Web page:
Object name is pone.0005131.e040.jpg also converges to the steady state, and the value is approximately the same as the theoretical value. However, the time until the ensemble approaches the steady state is approximately 10.0 min. This is larger than the theoretical value (An external file that holds a picture, illustration, etc.
Object name is pone.0005131.e041.jpg). Also, we compare the theoretical and simulation values of the mean numbers of DSBs and DSBCs as a function of the maximum number of repair proteins (An external file that holds a picture, illustration, etc.
Object name is pone.0005131.e042.jpg) at time t = 100 [min]. For a small number of repair proteins (An external file that holds a picture, illustration, etc.
Object name is pone.0005131.e043.jpg), theoretical values can explain the simulation values well. However, as the maximum number of repair proteins increases, the difference between the theoretical and simulation results increases for both An external file that holds a picture, illustration, etc.
Object name is pone.0005131.e044.jpg and An external file that holds a picture, illustration, etc.
Object name is pone.0005131.e045.jpg.

Figure 3
Theoretical mean values of DSBs and DSBCs are suitable for small An external file that holds a picture, illustration, etc.
Object name is pone.0005131.e046.jpg.
Table 1
Parameters for stochastic models of DSB and ATM modules.

Small differences in the maximum number of repair proteins induce a large difference in DSB generation

The time course of the model depends largely on the maximum number of repair proteins, An external file that holds a picture, illustration, etc.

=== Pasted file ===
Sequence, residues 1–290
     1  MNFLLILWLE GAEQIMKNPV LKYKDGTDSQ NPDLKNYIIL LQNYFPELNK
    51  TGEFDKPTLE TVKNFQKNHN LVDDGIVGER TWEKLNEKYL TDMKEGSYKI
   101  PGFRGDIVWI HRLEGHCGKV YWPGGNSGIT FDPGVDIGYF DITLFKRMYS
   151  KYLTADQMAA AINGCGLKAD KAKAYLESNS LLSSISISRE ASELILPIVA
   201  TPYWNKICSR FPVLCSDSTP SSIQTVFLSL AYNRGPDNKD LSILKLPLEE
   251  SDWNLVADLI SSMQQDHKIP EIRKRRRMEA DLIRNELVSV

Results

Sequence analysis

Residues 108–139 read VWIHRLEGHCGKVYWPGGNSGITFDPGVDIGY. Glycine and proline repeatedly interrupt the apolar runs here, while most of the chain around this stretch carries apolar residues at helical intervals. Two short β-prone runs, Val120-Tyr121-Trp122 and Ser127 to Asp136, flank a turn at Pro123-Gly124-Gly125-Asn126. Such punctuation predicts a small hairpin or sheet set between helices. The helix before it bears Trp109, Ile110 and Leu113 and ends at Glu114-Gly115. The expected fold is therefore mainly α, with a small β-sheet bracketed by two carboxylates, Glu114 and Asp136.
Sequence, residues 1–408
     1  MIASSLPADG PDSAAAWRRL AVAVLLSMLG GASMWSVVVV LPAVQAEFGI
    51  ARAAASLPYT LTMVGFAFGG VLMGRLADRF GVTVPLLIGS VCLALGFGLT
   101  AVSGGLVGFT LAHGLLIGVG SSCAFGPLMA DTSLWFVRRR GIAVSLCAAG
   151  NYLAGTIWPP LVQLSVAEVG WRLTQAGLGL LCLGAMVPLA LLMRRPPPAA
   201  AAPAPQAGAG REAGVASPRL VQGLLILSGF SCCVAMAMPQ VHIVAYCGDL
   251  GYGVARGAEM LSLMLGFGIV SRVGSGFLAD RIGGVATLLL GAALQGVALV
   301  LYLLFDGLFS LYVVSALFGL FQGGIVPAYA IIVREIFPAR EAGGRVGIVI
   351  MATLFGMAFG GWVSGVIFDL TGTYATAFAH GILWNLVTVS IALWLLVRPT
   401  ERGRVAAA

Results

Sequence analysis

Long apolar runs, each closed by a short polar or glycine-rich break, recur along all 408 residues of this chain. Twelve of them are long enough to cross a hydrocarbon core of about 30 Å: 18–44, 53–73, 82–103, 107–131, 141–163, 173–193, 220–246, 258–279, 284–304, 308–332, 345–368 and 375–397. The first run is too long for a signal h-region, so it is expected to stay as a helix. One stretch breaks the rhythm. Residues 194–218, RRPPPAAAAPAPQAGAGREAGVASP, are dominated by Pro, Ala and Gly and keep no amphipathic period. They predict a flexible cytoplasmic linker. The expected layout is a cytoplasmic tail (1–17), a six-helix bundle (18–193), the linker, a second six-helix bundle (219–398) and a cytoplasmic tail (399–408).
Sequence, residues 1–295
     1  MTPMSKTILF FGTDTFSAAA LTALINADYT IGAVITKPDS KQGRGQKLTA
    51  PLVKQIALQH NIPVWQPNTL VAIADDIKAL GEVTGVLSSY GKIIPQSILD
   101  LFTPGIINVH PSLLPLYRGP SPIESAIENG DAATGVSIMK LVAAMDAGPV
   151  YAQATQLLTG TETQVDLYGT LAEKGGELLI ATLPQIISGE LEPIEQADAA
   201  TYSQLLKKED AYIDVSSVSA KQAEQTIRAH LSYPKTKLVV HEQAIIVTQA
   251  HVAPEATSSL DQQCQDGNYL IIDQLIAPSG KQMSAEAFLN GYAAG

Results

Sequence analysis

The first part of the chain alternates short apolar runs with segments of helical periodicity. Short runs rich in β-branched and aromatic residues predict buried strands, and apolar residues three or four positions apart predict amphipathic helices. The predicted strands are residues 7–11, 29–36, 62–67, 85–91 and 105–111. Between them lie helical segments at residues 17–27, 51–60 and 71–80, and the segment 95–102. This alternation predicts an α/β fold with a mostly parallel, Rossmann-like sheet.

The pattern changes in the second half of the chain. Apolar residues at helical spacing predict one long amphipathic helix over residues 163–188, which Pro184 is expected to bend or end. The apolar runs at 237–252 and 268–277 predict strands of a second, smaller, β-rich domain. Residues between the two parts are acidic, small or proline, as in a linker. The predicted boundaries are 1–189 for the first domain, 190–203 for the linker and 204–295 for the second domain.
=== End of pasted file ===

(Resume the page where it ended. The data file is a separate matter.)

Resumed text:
Object name is pone.0005131.e069.jpg. Figure 4 shows the time course of An external file that holds a picture, illustration, etc.
Object name is pone.0005131.e070.jpg and An external file that holds a picture, illustration, etc.
Object name is pone.0005131.e071.jpg with An external file that holds a picture, illustration, etc.
Object name is pone.0005131.e072.jpg. If An external file that holds a picture, illustration, etc.
Object name is pone.0005131.e073.jpg, the number of DSBs is very small, and the number of DSBCs approaches An external file that holds a picture, illustration, etc.
Object name is pone.0005131.e074.jpg. However, the number of DSBCs existing at the same time should be smaller than the maximum number of repair proteins, An external file that holds a picture, illustration, etc.
Object name is pone.0005131.e075.jpg. Thus, if the maximum number of repair proteins is smaller than the mean value of An external file that holds a picture, illustration, etc.
Object name is pone.0005131.e076.jpg, the production rate of DSBs becomes higher than the rate of the DSB-repair processes, and the free repair proteins are given out to repair DSBs; as a result, the number of DSBs increases. Figure 4 shows the time courses of An external file that holds a picture, illustration, etc.
Object name is pone.0005131.e077.jpg with several maximum numbers of repair proteins. When An external file that holds a picture, illustration, etc.
Object name is pone.0005131.e078.jpg, the number of DSBCs is approximately 20, and it cannot exceed 20. Then the number of DSBs gradually increases to nearly 100. On the other hand, when An external file that holds a picture, illustration, etc.
Object name is pone.0005131.e079.jpg is larger than 30, An external file that holds a picture, illustration, etc.
Object name is pone.0005131.e080.jpg does not continuously increase. As the number of repair proteins An external file that holds a picture, illustration, etc.
Object name is pone.0005131.e081.jpg increases, the number of DSBs gradually decreases (Figures 4B, C, and D). Therefore, a time course of the ensemble average of An external file that holds a picture, illustration, etc.
Object name is pone.0005131.e082.jpg gradually increases for a small number of repair proteins An external file that holds a picture, illustration, etc.
Object name is pone.0005131.e083.jpg, but it converges to a constant value when the number of repair proteins is large (Figures 4E and F). In the following sections, we assume the number of repair proteins is sufficient, and the expected value of An external file that holds a picture, illustration, etc.
Object name is pone.0005131.e084.jpg is constant.

Figure 4
Small differences in An external file that holds a picture, illustration, etc.